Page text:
One Small Step for SAMP, One Large Step Towards Bridging Tucson’s STEM Skills Gap

New SAMP Graduates Helping to Bridge the Skills Gap in Tucson

The STEM skills gap is a complex problem involving poverty, educational attainment, regional employment needs, and much more. Unfortunately, the gap affects more than just businesses; whole communities, neighborhoods, families, and individuals are all victims of the skills gap. However, Tucson is making significant efforts to bridge the STEM skills gap for the betterment of the Southern Arizona region.

For the past six years, the Southern Arizona Manufacturing Partners (SAMP) program and its network have worked to bridge the skills gap in the Tucson region through improving post-secondary attainment, and encouraging interests in STEM careers.

A group of twenty manufacturers with a strong presence in the Tucson area, SAMP works in conjunction with Tucson high schools, Pima Community College (PCC), and Arizona@Work Pima County One-Stop to provide a pathway to greater STEM education for high school students.

Recently, SAMP graduated its fifth class of students, honoring them at a commencement ceremony in the Amethyst Room at PCC’s Downtown campus. More than fifty people were in attendance, including past and present SAMP students, their families, SAMP member representatives, and many others. The following is a transcription of the commencement speech by Howard Stewart, president and CEO of AGM Container Controls, Inc.

The following transcript is edited for clarity.

Howard Stewart, President and CEO of AGM Container Controls, on stage delivering a commencement speech to graduating SAMP interns.
Howard N. Stewart, president and CEO of AGM Container Controls, Inc., speaks to graduating SAMP students at their commencement.

Howard Stewart:

I’m Howard Stewart; I’m CEO of a company here in town called AGM Container Controls. It is really my privilege, especially since we have three graduates in this evening’s class; I’m really honored to have the opportunity to address all of you this evening. 

You guys are all familiar with the word “graduation.” What’s happening here is called a “commencement.” Some of you may have familiarity with that word. I know when I was a high school senior; I didn’t know what it meant. If someone had asked me, I’d have replied: it means the end, it means the termination, it means something like that. But it doesn’t at all. “Commencement,” the verb is, “to commence, to begin.” What’s happening tonight is really a celebration of the beginning of your futures.

One of the reasons I’m so excited to be involved with SAMP is that I really strongly believe in the need for economic development in our community. The work that you guys are doing, the kinds of jobs that you guys are working in the machine shops and the manufacturing companies; this is the engine of our economy. These are the jobs that really need to be filled, and they’re hard to fill, these positions, because so few people have the education to fill them.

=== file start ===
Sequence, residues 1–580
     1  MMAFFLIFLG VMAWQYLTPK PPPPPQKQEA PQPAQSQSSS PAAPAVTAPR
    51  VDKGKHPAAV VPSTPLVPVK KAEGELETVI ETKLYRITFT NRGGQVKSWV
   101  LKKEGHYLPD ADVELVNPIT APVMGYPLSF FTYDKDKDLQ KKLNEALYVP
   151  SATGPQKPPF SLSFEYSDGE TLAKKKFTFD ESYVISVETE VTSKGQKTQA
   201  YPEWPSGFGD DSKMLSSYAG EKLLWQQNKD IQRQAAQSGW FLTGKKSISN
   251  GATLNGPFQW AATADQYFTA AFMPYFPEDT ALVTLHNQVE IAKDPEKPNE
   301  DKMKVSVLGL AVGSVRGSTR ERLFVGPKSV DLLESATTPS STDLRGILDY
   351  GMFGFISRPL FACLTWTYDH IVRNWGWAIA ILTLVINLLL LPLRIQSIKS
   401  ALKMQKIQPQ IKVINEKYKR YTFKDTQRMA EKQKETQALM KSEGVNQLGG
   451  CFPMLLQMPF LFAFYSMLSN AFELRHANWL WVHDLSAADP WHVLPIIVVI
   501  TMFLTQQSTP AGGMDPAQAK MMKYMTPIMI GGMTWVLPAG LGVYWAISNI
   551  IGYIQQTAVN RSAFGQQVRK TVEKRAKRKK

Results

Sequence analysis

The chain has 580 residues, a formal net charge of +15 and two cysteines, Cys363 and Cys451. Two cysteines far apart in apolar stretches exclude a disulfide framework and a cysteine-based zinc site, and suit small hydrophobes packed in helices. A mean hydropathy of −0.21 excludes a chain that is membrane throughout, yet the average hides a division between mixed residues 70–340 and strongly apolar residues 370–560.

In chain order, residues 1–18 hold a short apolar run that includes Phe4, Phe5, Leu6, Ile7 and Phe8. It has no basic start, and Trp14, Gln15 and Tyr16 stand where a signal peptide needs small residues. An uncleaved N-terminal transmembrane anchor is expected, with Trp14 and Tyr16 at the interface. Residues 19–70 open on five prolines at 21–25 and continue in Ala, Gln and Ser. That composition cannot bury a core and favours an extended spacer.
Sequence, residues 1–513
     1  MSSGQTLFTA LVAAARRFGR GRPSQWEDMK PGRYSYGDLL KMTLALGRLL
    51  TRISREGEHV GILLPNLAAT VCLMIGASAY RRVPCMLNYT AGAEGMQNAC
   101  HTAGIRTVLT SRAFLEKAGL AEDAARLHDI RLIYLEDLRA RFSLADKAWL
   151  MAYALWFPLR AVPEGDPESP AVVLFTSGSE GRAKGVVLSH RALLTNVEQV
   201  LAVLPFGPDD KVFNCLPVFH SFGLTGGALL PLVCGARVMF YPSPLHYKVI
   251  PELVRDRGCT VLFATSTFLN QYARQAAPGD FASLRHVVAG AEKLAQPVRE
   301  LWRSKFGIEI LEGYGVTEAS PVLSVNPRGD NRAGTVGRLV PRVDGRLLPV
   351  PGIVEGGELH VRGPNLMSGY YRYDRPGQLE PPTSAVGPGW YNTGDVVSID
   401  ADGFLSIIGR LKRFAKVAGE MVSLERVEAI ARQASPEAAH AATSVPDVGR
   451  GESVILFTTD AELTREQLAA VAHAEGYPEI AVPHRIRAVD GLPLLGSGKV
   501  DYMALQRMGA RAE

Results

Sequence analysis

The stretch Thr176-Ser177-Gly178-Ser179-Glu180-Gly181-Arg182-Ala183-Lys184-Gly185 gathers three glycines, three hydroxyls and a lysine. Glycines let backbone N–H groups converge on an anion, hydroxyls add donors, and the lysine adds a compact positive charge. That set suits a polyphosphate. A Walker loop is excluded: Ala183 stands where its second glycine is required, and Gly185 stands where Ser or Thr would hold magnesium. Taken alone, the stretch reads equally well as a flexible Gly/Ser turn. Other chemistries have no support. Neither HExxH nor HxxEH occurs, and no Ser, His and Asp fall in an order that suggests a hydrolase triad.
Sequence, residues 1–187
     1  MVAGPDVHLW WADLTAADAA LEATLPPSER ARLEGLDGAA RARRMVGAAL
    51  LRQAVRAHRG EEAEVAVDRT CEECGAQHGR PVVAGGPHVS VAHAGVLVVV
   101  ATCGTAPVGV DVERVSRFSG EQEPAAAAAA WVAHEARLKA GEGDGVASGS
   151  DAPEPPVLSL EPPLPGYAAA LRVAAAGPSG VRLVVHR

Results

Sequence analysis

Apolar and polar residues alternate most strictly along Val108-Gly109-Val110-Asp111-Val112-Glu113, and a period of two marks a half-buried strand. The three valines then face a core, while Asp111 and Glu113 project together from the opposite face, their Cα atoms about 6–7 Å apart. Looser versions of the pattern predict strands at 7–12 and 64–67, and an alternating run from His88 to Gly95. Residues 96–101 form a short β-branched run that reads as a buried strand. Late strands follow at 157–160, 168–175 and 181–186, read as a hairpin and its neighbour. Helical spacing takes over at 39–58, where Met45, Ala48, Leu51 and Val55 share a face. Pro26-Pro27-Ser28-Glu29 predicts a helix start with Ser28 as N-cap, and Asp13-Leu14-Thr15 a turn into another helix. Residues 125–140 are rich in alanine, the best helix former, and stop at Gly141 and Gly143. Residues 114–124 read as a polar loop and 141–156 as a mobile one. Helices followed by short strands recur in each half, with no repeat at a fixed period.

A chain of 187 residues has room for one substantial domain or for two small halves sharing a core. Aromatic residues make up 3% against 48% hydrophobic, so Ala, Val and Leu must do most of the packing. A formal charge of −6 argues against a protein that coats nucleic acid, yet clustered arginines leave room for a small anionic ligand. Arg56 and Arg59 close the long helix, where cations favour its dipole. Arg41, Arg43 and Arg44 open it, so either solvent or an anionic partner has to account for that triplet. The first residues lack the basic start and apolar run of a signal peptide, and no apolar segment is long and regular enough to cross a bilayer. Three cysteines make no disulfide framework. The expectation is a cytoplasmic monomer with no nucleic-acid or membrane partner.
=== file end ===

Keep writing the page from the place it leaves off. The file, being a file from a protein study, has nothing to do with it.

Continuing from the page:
I don’t know if you understand this or not but, you’re all really smart. And you’re all really capable if you’ve gotten this far. You have bright futures ahead of you; particularly if you do one thing: continue your education.

Further commence. Don’t stop here with getting the certificates that you will get here tonight. If you really want to make a difference for your families, for your future families; if you want to make a difference you’ve got to keep going with your education, and that means you need to get your associate degrees, and then you need to keep going.

Unfortunately, most people stop. And that shouldn’t be because, with this particular degree, with this particular certificate, it proves that you’re really capable, particularly in a couple of areas where there are bachelor degrees, like engineering and business.

So I want you guys to think about that, that this could be your futures. You could potentially, by going on and getting your bachelor degree, you could easily double your earnings that you make in machining. You’re so close! You’re so close. And I’m sure that every other manufacturer in the room, including Don and I, would agree: this is what we would really like to see you guys do because you’re the life blood of our companies. You guys are the future.

In twenty or thirty years from now, I don’t think I’m going to be here but you guys will be here, and you guys will be leading your companies – if you pursue your education.

That’s all I have to say tonight. Again, I’m really proud of the work all of you have done to get here and I wish you the greatest success as you look towards your futures. Thank you very much.


End Speech

On May 15, 2019, SAMP recognized eight students with certificates in machine-tool technology. Three of these students were interns at AGM Precision Machining who afterward transitioned into full-time positions with the company. Those SAMP graduates are:

  • Anthony Covarrubias, Machine Shop Helper
  • Sergio Lizarraga, Machine Shop Operator
  • Gabriel Molina, Machine Shop Operator

To these three SAMP graduates, thank you for all of your hard work. Congratulations, and welcome aboard.

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AGM Precision Machining is a service of AGM Container Controls, Inc., a leader in the manufacture and supply of moisture and environmental control products to the aerospace and defense industries since 1970. Located in Tucson, Arizona, AGM Container Controls, Inc. is an American owned and operated company, and proud supplier to the U.S. military.